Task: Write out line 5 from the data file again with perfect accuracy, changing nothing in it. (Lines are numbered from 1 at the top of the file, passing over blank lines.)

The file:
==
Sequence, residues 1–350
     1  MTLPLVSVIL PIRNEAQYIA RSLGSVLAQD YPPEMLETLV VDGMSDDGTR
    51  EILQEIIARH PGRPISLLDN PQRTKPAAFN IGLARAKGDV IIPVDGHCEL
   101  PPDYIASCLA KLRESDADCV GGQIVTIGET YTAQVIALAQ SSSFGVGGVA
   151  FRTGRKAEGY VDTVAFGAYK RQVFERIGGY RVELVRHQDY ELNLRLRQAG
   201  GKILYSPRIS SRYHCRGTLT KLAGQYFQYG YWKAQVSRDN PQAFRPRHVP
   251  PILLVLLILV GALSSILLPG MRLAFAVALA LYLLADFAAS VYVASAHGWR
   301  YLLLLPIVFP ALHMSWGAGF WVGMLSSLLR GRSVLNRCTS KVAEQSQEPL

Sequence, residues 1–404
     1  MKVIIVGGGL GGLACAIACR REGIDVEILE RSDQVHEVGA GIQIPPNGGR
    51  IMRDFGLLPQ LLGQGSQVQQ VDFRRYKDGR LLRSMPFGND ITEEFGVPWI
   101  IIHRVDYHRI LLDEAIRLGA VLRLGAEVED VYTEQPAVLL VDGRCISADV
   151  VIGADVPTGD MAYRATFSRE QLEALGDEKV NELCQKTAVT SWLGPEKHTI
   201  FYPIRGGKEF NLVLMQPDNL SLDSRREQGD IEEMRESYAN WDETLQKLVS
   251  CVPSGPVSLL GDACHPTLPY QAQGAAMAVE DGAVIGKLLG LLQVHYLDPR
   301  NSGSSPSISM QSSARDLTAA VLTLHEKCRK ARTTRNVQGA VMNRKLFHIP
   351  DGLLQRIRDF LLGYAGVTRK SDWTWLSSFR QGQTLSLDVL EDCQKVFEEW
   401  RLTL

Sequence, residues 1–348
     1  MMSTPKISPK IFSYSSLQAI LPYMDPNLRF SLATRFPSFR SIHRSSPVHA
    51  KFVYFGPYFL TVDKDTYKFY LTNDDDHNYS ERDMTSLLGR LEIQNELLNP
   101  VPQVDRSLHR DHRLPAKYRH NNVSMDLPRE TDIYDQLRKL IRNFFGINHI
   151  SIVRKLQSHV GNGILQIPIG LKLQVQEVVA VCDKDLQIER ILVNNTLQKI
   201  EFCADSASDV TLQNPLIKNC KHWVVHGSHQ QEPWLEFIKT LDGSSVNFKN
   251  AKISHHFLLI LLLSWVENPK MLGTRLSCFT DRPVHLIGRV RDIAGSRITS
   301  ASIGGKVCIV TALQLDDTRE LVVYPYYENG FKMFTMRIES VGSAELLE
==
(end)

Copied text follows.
   151  FRTGRKAEGY VDTVAFGAYK RQVFERIGGY RVELVRHQDY ELNLRLRQAG